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One of the forces shaping the next generation of comedy is a guy just barely out of college: Daniel Cramer, 25, whose monthly newsletter on rising comedic talent has Hollywood bigwigs checking their in-boxes to see where the next big hit might come from.
The “Cramer Comedy Newsletter” is sent to about 1,000 executives, producers, agents and managers, highlighting up-and-comers in the stand-up scene and on social media. “The idea that no one had done this before is mind-boggling,” says Jimmy Miller, a veteran comedy manager who has steered the careers of Will Ferrell and Judd Apatow. “He created something out of thin air. And it has the opportunity to become a real go-to voice.”
Some of those highlighted in Cramer’s newsletter, like Hannah Crane and Dylan McKeever, have found representation, while some, like London Hughes, are now partnered with producers to develop movie or pilot projects. Meanwhile, Cramer became one of the youngest studio-based producers in town when earlier this year Sony scooped him up in an overall deal that sees him incubating rising talent and conducting comedy roundtables for the studio.
Cramer, who grew up in Orange County the child of neuroscience professor parents, describes himself as being a comedy-nerd kid who had an autographed photo of Mel Brooks on his wall and a habit of sneaking off to see Upright Citizens Brigade shows on weekends in L.A. While he was at Oberlin College, he got a job as a comedy booker for the school that took him to nightclubs in Chicago and New York. With a budget of only four figures, he had to go deep to find acts that would satisfy the college crowd but not break his meager bank. He booked rising comics such as Sarah Sherman and Langston Kerman, and it introduced him to touring agents, who gave him a ground-floor view of the business.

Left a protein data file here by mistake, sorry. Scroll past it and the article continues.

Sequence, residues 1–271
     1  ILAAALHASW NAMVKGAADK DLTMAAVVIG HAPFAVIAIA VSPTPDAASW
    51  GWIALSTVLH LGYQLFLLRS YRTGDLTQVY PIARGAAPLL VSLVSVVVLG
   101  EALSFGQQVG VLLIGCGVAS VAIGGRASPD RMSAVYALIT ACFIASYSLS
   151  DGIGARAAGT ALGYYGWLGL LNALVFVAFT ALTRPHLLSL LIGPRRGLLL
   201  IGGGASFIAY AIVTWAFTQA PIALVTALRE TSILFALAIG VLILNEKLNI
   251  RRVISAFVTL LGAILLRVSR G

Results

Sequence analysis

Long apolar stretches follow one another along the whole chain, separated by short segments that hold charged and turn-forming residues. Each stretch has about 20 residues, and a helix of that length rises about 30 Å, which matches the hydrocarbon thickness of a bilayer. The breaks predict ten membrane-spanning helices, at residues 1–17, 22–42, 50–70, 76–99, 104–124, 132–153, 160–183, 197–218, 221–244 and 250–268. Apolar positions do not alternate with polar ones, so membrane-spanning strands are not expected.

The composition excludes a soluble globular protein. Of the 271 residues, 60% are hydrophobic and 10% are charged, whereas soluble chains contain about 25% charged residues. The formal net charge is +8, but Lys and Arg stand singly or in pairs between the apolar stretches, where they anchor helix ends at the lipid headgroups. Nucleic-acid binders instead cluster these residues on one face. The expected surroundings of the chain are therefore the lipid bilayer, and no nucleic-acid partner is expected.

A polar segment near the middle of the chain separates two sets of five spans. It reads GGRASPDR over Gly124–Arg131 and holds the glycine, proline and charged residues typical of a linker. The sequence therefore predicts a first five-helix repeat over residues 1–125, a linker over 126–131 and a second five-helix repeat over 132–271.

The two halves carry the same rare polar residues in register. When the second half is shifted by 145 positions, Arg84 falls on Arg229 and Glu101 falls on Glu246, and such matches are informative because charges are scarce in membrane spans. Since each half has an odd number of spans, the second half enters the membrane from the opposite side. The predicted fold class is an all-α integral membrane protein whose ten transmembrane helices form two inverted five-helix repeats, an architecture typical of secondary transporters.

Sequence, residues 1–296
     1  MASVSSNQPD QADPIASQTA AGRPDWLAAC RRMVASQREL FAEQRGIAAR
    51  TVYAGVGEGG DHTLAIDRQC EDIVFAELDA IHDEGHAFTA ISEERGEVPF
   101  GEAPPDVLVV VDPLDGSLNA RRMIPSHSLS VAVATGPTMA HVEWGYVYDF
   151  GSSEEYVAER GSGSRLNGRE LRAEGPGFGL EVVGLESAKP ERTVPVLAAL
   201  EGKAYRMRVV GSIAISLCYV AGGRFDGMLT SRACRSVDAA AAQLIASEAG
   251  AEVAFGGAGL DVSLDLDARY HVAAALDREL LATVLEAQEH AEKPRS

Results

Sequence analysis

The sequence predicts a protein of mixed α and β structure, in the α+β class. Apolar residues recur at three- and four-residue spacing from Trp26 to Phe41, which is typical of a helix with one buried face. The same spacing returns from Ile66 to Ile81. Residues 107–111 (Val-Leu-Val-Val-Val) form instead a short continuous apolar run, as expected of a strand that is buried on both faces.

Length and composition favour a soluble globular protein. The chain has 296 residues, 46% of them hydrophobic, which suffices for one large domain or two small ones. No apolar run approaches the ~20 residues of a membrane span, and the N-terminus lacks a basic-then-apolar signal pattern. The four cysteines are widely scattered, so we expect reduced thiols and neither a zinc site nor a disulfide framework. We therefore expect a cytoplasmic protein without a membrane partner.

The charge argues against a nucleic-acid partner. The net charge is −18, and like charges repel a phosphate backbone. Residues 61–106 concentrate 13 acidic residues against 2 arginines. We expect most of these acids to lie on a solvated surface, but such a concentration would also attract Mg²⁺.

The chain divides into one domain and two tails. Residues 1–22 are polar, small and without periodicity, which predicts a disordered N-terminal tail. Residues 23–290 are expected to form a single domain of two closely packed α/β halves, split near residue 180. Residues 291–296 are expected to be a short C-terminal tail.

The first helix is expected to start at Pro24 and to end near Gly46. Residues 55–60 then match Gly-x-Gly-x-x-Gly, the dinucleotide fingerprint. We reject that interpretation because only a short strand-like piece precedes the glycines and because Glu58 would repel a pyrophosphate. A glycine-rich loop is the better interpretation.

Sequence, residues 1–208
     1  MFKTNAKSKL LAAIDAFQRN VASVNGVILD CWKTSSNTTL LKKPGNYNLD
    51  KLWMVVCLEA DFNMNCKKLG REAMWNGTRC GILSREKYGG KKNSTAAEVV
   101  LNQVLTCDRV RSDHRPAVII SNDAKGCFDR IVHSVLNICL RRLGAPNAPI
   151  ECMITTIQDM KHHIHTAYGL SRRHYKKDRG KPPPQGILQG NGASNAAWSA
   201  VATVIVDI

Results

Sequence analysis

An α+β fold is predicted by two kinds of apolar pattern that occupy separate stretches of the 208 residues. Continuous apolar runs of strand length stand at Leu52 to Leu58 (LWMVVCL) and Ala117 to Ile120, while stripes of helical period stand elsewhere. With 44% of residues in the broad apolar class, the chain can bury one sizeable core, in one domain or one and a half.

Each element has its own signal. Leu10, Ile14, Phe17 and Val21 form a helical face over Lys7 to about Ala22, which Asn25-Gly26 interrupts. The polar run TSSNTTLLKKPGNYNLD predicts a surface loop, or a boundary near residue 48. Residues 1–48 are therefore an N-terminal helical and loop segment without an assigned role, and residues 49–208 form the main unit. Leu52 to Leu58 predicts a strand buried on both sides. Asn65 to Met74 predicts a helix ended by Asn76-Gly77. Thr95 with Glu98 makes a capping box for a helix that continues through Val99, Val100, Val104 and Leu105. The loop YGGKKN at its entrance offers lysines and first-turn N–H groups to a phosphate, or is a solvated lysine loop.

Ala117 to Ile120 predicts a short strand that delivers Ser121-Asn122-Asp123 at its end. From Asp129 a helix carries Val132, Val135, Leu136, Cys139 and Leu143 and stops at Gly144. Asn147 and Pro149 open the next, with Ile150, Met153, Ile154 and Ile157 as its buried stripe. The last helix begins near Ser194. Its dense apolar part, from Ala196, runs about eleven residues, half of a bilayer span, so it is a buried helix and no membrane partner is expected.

The booking job led to an internship at UTA, followed by a floating assistant gig at Sony, where he started a rudimentary list of comedians as “a way to impress execs and be useful to anyone and everyone,” he says. Its popularity soared during the pandemic as it morphed from being just a write-up of live comedy acts every month into a content aggregator of short films, Instagram sketches and character videos.
“It’s a quick way to get to know 20 new people you hadn’t seen before,” says Allysa Mahler, a partner and co-head of WME’s Comedy Crossover group, which has signed some of the newsletter discoveries. “We trust Daniel’s taste.”
Cramer already is developing several projects, among them a feature with rising comedy trio Please Don’t Destroy that has Ferrell attached to star and Miller producing.
“I have whiplash,” Cramer says. “I never thought that following my passion and being a comedy nerd could actually lead to this job.”
This story first appeared in the Oct. 27 issue of The Hollywood Reporter magazine. Click here to subscribe.
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